Last year, after the social-networking site MySpace found that its members included some 29,000 registered sex offenders, the nation’s top state prosecutors demanded a technological fix, asking that the industry “explore and develop age and identity verification tools for social networking web sites.” But a new study concludes that such technologies are unlikely to thwart anonymous predators and that the threat facing children online is no worse than it is in the real world.
“Our review found too little evidence that any given technology or set of technologies, on their own, will improve safety for minors online to any significant degree,” says the report, written by the Internet Safety Technical Task Force, a group of 29 businesses, nonprofit organizations, academic groups, and technology companies that conducted the investigation with the Berkman Center for Internet and Society at Harvard University, at the request of 49 state attorneys general. “Moreover, the Internet itself, the ways in which minors use it, and the communities in which they participate, all change constantly, and the available technologies are quickly evolving.”
While no single age-verification solution can solve the Internet’s problems, tools are available to those who choose to use them, and social-networking sites cooperate with law enforcement and actively root out reported problems, says John Palfrey, a Harvard law professor who led the effort. Some 40 technologies are already on the market, including age-verification products and Web filtering and blocking programs.
The Achilles’ heel of age-verification technologies is, of course, that they only work if people use them. A parent can enroll his child with services such as CheckMyAge.com, which creates an online age-verification credential. But for the service to be effective, the child must always use it and require that others he encounters online also possess such a credential.
The task force did not dismiss the risk posed by adult predators, but it says that bullying by peers is a bigger issue that requires responses from parents and schools as well as continued law-enforcement attention. Online risks to youth “are not radically different in nature or scope than the risks minors have long faced offline, and minors who are most at risk in the offline world continue to be most at risk online,” the report says. “Bullying and harassment, most often by peers, are the most salient threats that minors face, both online and offline.”
Connecticut attorney general Richard Blumenthal, one of the prosecutors who had pushed for the study, gave it mixed reviews. “This report is a step forward in the fight to better protect children from predators and inappropriate content on social networking sites,” he said in a statement, but he added that “the report unfortunately downplays the threat of predators–in relying on research that is outdated or inadequate–and it fails to provide specific plans to implement technology in improving social networking safety.”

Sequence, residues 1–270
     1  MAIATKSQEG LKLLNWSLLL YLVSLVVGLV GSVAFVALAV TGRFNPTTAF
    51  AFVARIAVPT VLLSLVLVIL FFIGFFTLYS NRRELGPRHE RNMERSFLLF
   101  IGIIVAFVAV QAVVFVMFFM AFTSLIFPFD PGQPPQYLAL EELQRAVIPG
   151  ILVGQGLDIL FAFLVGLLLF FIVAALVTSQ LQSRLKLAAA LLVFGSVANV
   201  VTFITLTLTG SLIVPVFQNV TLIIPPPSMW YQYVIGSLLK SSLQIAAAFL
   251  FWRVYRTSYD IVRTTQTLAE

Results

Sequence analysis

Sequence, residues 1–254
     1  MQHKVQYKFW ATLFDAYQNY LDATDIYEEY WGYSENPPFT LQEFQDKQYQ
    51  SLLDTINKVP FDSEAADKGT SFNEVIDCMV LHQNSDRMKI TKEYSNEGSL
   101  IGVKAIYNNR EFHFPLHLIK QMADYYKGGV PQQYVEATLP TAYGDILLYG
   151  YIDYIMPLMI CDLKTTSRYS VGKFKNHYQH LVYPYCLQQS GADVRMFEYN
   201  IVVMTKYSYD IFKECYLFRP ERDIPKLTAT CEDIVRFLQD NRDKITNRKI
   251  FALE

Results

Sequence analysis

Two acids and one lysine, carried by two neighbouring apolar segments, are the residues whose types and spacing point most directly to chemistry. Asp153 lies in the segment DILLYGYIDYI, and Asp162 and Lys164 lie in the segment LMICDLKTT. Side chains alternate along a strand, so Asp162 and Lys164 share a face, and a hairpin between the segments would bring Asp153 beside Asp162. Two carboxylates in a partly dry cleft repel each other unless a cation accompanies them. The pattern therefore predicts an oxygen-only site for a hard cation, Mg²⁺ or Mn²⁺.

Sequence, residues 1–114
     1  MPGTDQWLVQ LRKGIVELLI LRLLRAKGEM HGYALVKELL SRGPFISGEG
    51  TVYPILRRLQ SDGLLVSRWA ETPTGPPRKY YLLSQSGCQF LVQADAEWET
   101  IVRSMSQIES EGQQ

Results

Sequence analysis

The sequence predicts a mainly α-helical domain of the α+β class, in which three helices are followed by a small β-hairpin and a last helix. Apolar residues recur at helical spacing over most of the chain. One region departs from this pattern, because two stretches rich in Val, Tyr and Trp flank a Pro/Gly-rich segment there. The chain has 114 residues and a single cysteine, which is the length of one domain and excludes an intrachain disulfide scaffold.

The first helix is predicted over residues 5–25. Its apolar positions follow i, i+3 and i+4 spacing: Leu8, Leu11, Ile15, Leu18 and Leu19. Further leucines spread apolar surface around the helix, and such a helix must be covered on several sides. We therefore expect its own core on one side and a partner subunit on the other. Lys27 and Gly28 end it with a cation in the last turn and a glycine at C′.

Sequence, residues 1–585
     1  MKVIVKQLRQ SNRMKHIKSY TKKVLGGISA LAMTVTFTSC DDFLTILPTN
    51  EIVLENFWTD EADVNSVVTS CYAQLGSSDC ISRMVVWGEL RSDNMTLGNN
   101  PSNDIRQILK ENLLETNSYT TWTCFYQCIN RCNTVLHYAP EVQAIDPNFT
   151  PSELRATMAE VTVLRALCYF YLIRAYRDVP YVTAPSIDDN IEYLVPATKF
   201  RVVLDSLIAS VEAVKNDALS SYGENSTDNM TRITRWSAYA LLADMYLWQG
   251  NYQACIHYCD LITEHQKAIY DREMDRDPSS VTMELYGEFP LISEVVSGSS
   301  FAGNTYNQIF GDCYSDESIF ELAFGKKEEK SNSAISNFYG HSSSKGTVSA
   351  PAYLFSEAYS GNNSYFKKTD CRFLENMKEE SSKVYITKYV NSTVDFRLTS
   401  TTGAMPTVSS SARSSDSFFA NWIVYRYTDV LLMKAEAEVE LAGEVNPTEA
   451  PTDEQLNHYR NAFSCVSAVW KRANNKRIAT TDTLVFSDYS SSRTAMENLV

MySpace provided a written statement from its chief security officer, Hemanshu Nigam: “MySpace fully supports the key conclusions of the report: that industry has done a great deal of technical innovation in the online safety arena, that the risks minors face online are complex and multifaceted, that there is no single technological solution to the problem of youth online safety and no single technology that fully addresses any specific risk minors face.”
MySpace now cross-references the names of its members against public lists of registered sex offenders, and when matches are found, it deletes the accounts. MySpace uses a national searchable database sold by Sentinel that contains information on the estimated 600,000 registered sex offenders in the United States. “These sex offenders have full access to the Internet, but not to MySpace where we use Sentinel SAFE to remove them from our site. We then provide this information to Attorneys General in all 50 states. MySpace has been a leader in implementing this technology,” the company says.
MySpace took further steps to make it more difficult for young and adult users to interact inappropriately. For example, members under 18 can no longer designate themselves as “swingers,” and the company placed a lock on the age setting to prevent adult users from switching their ages in order to have freer access to minors. The site also made it easier for members to report objectionable content and behavior. Other social-networking sites have taken similar steps.
The issue is extremely sensitive for the Internet industry. The Berkman report included responses from Microsoft, AOL, Facebook, MySpace, and Linden Lab (which runs the virtual world Second Life), as well as telecom companies like AT&T, Comcast, and Verizon.
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